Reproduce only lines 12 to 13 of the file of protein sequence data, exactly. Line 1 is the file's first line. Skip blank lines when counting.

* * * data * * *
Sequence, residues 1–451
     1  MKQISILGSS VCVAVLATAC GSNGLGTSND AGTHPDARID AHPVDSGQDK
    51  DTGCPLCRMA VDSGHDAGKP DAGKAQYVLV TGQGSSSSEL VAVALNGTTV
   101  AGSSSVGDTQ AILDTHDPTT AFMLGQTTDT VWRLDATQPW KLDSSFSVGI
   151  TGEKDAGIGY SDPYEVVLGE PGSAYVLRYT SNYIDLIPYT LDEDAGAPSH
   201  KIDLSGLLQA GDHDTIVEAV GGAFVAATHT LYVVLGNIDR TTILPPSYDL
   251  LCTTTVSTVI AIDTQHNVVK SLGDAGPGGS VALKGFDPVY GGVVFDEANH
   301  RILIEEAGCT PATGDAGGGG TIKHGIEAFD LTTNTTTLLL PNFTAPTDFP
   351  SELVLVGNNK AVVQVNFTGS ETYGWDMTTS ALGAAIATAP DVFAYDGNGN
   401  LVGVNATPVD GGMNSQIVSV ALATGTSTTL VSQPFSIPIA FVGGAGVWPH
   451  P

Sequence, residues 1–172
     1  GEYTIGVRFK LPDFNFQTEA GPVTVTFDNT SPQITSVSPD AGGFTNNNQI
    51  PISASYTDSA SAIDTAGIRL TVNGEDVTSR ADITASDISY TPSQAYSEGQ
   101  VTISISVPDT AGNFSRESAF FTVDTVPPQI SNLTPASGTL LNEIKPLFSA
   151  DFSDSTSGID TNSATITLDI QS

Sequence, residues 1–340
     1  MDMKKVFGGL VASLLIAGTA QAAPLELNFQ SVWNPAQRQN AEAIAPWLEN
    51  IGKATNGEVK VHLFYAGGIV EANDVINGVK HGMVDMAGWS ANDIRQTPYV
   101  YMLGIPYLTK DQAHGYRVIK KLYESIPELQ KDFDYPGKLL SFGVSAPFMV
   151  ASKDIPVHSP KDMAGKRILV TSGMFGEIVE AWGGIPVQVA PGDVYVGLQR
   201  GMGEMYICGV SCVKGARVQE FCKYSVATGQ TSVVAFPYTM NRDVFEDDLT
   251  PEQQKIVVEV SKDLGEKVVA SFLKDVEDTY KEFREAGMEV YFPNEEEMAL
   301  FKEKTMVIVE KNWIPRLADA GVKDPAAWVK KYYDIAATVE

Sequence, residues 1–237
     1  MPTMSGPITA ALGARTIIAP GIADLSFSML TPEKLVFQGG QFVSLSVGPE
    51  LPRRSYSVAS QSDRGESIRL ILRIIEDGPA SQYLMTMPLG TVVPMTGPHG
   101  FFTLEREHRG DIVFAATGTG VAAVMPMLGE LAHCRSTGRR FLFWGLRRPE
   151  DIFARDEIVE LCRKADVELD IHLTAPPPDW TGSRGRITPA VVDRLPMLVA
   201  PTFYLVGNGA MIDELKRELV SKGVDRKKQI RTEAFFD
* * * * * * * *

Sequence, residues 1–172
     1  GEYTIGVRFK LPDFNFQTEA GPVTVTFDNT SPQITSVSPD AGGFTNNNQI